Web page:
"She couldn't have done it in 1992," she added. "It wouldn't have gone over."
For Blair, working on the TV show -- helping the writers and actors tell more truths about the beginning of women's baseball -- may have helped her publicly embrace her own truth.
"I'm so happy I did come out, now that the little girls can have a chance to realize that it's not so bad to be who they are," Blair told ABC. "They should be proud of who they are and be happy that they can be able to live a life of their own. And that's what it's all about: a league of our own, so we need a life of our own."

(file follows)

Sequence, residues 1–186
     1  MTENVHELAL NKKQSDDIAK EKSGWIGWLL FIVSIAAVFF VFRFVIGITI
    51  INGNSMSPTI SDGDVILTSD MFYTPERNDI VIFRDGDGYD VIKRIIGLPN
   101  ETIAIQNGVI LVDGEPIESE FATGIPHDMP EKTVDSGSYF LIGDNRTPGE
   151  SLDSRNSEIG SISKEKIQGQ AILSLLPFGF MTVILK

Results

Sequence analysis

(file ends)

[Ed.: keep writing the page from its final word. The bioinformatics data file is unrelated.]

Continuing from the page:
Still, she admitted, it was hard for her to say it out loud: "gay."
"I was so afraid in my era that if you came out, we couldn't do anything. We couldn't be schoolteachers ... we couldn't even join the service," she said. "We were [considered] the bad guys, which isn't true."
While Blair has spoken about her sexuality in private, those same fears weren't far from mind when she spoke publicly in June.
"All of a sudden I blurted that out and I thought, 'Oh my God, Maybelle, what in the world is your family going to think of you? You're queer?' And I thought, 'Oh my God, they're going to disown me,'" she said. "I was happy I said it -- but then the next day I was really worried about my family, until they started talking to me and calling me up and saying, 'Don't worry, Aunt Maybelle, everything's fine, don't you worry about a thing. We love you for what you are.'"
"And to this day, I'm so thrilled about that," she added. "You have no idea."